Posted by admin
September 30, 2020 | 4-minute read (744 words)
Did you know that if your company runs on an extremely small scale, you may actually be considered a microbusiness (and not technically a small business)?
According to the U.S. Small Business Administration’s Office of Advocacy, a small business can be defined as one that has fewer than 500 employees, with certain exceptions and clarifications. For example, a book publisher could have up to 1,000 employees and still be considered a small business. However, there's a category even smaller, and that's a microbusiness.
So what exactly is a microbusiness? The U.S. Small Business Administration defines a microbusiness as a firm that has between one and nine employees, including the owner. Some common examples of microbusiness-owners are photographers, event planners, housekeepers, professional service providers, consultants and freelancers in any field, and those working in the gig economy, such as Etsy store owners, Uber drivers and Airbnb hosts.
Basically, all microbusinesses are small businesses — in fact, they are a subcategory of small businesses based on the total number of employees. Therefore, your company can be classified as a microbusiness if it employs fewer than nine people (while some definitions may cap the number of employees at six).
Microbusinesses Have Unique Challenges
This distinction between a small business and a microbusiness essentially means that a microbusiness operates with a very minimal amount of business activity, receipts and staff members. And while this distinction may not seem too important, there are a number of things to keep in mind if you do operate a microbusiness.
These are other guidelines that can determine whether your business is micro or small:
- If you are self-employed, are a sole proprietor or have no employees
- If your business requires less than $50,000 to start
- If your company does not have access to traditional capital loans
- If you have less than $250,000 in sales
Since microbusiness can also be identified as small businesses, the latter are generally classified as for-profit organizations that are independently owned and operated, but do not dominate their local market or industry.
How is a microbusiness different from a small business? Even though microbusinesses are technically small businesses, differentiating between the two is important to know when launching and operating a small enterprise. Identifying as a microbusiness owner will help you better understand the challenges and requirements that you’re likely to face while running your company. These challenges will not be the same as a larger small business owner’s, which means that the solutions will be different, too.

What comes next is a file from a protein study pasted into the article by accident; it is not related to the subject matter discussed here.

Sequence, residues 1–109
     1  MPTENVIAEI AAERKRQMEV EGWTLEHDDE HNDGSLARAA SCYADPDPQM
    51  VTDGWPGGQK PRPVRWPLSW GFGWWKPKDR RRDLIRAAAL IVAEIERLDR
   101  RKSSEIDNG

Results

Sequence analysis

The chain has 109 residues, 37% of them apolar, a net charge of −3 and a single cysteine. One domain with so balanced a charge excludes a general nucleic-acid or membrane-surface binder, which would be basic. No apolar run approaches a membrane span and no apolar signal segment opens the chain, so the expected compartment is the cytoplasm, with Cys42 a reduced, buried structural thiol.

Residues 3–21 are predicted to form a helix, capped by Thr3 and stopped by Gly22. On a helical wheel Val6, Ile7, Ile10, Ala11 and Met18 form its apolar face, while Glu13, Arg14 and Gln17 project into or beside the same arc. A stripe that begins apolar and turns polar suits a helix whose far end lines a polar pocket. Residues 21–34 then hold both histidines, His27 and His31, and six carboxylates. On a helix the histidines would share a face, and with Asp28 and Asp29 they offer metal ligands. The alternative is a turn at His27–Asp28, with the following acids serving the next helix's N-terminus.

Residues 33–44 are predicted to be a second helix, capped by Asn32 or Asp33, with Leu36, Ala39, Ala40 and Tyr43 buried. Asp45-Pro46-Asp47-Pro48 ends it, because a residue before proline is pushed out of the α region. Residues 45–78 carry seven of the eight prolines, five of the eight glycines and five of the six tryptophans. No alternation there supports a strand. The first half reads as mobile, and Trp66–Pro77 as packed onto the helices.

Microbusinesses comprise a largest segment of the entrepreneurial community — approximately 92 percent of all American businesses are microbusinesses. However, these businesses continue to receive little attention as far as their importance in the overall economic landscape goes.
These companies face certain challenges that small businesses do not typically experience. Some of these challenges are:
- They have a harder time hiring talented employees, usually due to lack of exposure.
- For the same reason, microbusinesses don’t have the same customer reach as their larger counterparts.
- These businesses may also face problems getting loans from traditional financial institutions, especially if the businesses are too small.
- Microbusinesses have a harder time developing lines of credit with vendors because of the increased risk of default.
It’s not all bad! A microbusiness will have different operating goals than a larger business, and therefore, will have lower operating expenses. Because of this, the goal of a microbusiness owner should be to increase revenue. While other businesses try to cut costs, a microbusiness’ costs are probably already low.
Outsourcing Can Help
If a microbusiness owner chooses to operate as a sole proprietorship, they will be taxed at their personal tax rate. Most microbusiness owners operate under this structure because it takes less effort to register and file paperwork, but the business structure they choose for their microbusiness, or any small business, changes the way their taxes are assessed.
Also, many small businesses, if registered as a corporation or an LLC, find that their taxes are assessed at a corporate tax rate instead of the personal tax rate that microbusinesses use.
Microbusinesses may employ just a few staff members but not enough to warrant in-house payroll, HR or accounting teams; however, they still have to perform payroll functions to ensure adherence to payroll taxes, corporate taxes and the government’s fiscal policies. This puts them in a perfect position to outsource to an independent company that specializes in payroll and accounting.